For years the two houses at 812 and 814 Silver Spring Ave. have sat vacant, but soon they could be coming down.
On Thursday, there was a large dumpster overflowing with debris between the two structures. The front porches of both homes were littered with trash and signs were posted by Montgomery County home inspectors on both front doors notifying the owner of housing code violations such as stray tree limbs and long grass. Two other signs warned about pending demolition applications.
On Monday, Lorraine Driscoll, a spokeswoman for the county’s housing department, said the property owner, The Fenton Group, was ordered March 24 by a District Court judge to repair or demolish the structures in 45 days. The owner has since applied for permits to disconnect utilities—a first step toward demolition.
Driscoll said the department received several complaints about the homes, including about the trash and debris littering the properties and the fact that they had been broken into.
“We informed the property owner to take immediate action,” Driscoll said.
If The Fenton Group fails to demolish or clean up the houses, then they’ll have to appear in court again and possibly face additional penalties, according to Driscoll.
Ulysses Glee, founder of the Silver Spring-based development group, said Monday he expects to have a permit to demolish the houses by the end of the week. He said workers are capping sewer lines and completing other utility work to allow demolition to happen.
“We’re going to be taking them down,” Glee said.
The demolition, if it happens, will follow a string of issues occurring at the two single-family houses.
The houses on May 4, 2017 on Silver Spring Avenue. Credit: Andrew Metcalf
At a County Council public hearing in September, nearby residents urged local leaders to do something about the unkempt homes.
“I have several words for these homes: degraded, dilapidated, blighted, vermin-infested, magnets for underage drinking, squatters, and other related uses and destructive actives,” neighbor Meghan McCoy told the council.
For years, she said she has reported the issues to the county, but little has been done to fix the houses.
Neighbors Kathlin Smith and Bernard Van Leer also expressed their concern to the council about the properties.
“For years, we and our neighbors have complained about two abandoned homes at 812 and 814 Silver Spring Avenue,” they said. “One has a very large hole in the roof allowing rain and snow to accumulate, likely weakening the structure. Windows and doors have been periodically boarded and then unboarded. Squatters have lived there at various points. And a few years ago, a fire broke out … . How can these conditions be allowed to persist?”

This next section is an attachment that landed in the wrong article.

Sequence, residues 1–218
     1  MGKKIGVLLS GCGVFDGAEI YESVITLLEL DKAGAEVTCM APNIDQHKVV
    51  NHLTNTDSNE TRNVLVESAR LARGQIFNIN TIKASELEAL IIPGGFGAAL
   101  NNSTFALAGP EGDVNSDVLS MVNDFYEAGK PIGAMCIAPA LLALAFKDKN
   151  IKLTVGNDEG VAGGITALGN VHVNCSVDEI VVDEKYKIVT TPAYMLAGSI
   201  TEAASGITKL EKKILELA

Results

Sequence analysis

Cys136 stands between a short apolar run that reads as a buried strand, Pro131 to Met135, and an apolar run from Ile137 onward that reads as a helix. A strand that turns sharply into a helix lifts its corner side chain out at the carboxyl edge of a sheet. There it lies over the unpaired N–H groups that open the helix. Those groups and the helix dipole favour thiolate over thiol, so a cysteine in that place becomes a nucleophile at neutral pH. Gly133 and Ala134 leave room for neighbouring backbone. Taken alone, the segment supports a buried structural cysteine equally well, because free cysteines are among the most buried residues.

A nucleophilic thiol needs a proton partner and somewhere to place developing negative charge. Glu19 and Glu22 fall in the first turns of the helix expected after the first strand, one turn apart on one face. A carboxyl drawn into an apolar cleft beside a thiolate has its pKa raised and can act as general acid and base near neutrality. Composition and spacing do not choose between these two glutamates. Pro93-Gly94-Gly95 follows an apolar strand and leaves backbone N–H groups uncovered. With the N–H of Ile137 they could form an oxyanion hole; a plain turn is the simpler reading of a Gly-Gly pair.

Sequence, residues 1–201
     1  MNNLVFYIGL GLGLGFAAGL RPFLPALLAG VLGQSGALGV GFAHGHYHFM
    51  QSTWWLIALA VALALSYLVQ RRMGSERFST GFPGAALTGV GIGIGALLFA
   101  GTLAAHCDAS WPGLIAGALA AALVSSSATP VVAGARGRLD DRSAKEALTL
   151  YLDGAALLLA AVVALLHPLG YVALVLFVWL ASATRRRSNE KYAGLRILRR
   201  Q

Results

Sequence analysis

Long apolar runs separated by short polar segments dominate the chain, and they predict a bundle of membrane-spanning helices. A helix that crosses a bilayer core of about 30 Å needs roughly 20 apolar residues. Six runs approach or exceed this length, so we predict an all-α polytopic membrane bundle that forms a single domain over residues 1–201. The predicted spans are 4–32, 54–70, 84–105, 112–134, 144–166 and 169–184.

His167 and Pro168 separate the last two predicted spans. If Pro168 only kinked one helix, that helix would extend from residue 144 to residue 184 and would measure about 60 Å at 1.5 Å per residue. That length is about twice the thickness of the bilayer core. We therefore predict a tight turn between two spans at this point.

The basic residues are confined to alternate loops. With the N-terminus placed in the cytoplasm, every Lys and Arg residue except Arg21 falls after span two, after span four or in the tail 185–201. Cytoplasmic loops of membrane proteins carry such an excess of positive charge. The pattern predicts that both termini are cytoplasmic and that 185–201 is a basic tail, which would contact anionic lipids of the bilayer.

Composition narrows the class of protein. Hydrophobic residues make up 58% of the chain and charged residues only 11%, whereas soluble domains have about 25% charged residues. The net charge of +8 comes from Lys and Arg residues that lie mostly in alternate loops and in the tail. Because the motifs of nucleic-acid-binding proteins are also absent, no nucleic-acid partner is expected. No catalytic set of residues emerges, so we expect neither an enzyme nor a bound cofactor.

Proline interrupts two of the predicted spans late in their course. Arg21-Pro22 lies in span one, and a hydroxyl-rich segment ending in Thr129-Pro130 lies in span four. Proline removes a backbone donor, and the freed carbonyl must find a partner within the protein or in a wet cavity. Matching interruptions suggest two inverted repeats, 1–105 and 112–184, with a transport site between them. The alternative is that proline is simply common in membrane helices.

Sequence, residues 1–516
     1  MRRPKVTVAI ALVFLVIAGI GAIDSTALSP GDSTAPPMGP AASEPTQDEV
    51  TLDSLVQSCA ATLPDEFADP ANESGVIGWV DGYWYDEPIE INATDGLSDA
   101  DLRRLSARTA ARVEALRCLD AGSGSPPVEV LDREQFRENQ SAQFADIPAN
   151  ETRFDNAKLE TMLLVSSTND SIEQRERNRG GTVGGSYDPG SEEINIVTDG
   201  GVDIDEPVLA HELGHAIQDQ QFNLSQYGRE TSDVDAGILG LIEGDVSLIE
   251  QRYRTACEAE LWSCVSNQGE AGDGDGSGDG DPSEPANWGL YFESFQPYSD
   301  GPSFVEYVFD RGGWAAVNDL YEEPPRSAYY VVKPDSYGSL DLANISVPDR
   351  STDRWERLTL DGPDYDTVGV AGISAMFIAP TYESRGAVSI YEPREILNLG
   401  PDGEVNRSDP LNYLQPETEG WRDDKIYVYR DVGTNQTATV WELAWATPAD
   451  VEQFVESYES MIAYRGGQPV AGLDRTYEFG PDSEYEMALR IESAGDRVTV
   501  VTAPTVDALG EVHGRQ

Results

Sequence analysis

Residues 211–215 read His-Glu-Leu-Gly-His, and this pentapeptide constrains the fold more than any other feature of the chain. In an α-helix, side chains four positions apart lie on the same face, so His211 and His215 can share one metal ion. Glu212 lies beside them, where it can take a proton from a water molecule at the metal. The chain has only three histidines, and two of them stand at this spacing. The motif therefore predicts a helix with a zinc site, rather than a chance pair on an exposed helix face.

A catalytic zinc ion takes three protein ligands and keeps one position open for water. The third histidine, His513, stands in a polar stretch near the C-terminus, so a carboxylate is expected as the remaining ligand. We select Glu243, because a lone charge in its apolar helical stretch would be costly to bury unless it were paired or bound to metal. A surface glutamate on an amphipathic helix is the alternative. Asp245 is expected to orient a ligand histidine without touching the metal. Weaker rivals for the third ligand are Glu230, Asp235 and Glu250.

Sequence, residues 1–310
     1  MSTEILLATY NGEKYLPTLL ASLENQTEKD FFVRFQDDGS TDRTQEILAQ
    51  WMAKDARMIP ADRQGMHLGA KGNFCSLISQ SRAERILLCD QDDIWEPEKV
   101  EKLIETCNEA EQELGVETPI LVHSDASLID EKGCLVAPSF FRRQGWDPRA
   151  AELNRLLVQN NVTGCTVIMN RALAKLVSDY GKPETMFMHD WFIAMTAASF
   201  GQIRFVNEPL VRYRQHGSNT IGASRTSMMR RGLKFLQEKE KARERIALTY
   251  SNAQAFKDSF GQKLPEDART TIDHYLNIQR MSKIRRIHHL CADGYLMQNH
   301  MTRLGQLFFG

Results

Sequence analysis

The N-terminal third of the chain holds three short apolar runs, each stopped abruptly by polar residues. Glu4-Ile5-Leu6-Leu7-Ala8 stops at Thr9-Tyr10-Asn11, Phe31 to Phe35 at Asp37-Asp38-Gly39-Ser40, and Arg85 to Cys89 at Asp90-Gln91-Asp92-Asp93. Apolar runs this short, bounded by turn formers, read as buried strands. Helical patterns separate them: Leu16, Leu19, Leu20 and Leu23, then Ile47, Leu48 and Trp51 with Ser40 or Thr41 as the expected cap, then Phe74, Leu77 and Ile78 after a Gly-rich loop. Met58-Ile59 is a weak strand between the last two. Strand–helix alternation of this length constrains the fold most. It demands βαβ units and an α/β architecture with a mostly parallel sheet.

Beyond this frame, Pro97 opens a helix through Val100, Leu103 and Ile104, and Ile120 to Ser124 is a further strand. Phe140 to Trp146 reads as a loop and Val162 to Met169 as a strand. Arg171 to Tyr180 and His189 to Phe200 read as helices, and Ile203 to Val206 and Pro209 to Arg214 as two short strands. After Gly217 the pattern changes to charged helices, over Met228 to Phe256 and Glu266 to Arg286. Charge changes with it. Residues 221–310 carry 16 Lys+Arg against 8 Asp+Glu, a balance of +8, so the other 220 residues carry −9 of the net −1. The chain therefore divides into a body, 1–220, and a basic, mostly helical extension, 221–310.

Debris on the porch at 814 Silver Spring Ave. Credit: Andrew Metcalf
The houses are in a portion of downtown Silver Spring that has seen a resurgence over the past decade. They’re next to the intersection of Silver Spring Avenue and Fenton Street—about four blocks from the Silver Spring Library, a block from Kaldi’s Social House and two blocks over from the Ripley District where several new apartment buildings have been built, with more on the way.
The houses were sold for more than $5 million in 2003, according to state real estate records. In 2010, The Fenton Group received approval from the county’s Planning Board to redevelop the houses along with the group’s adjacent office property into a complex with 58 residential units, a 110-room hotel and 28,100 square feet of office space.
Those plans, which are featured on the Fenton Group’s website, have failed to materialize.
County Council member Tom Hucker, who represents Silver Spring, said Monday he hopes legislation approved this month by the council will prevent similar situations in the county in the future.
For too long, he said, the county’s housing department has lacked the tools that other jurisdictions employ to deal with absent owners of crumbling properties, such as the ability to raise their property taxes.
The law sponsored by Hucker will create a registry of vacant homes in the county and enable the housing department to set a sliding fee schedule for code violations that will generate higher fees each time a property is cited. It’s expected to go into effect three months after it’s signed by County Executive Ike Leggett.
“We want to see an increasing, aggressive, escalating schedule of fees on these absentee owners,” Hucker said. “Absentee owners shouldn’t be able to leave a property to rot in a residential area and reduce property values or attract crime.”
Hucker said the housing department often failed to enforce code violations at blighted properties because owners would go to court to have them removed. The new law will enable the housing department to charge fees that will then be applied to an owner’s property tax bill if they’re not paid, Hucker said. If an owner fails to pay property taxes, the property will likely be sold or go into foreclosure court—forcing a sale.
“We’re hopefully sending the message to landlords that this isn’t going to be tolerated anymore,” Hucker said. “I look forward to seeing the schedule of fees. I’m also going to want to see really aggressive action from our housing department. If we don’t see it, they’ll be in front of the council explaining why they aren’t acting on these properties, because now they have the tools they need.”
The houses on Silver Spring Avenue are also a block away from 850 Sligo Avenue—an eight-story office building that was condemned by the county last month. That building was purchased by a new owner last month who plans to turn it into a residential building, according to Hanna Negussie, the real estate broker who handled the sale.
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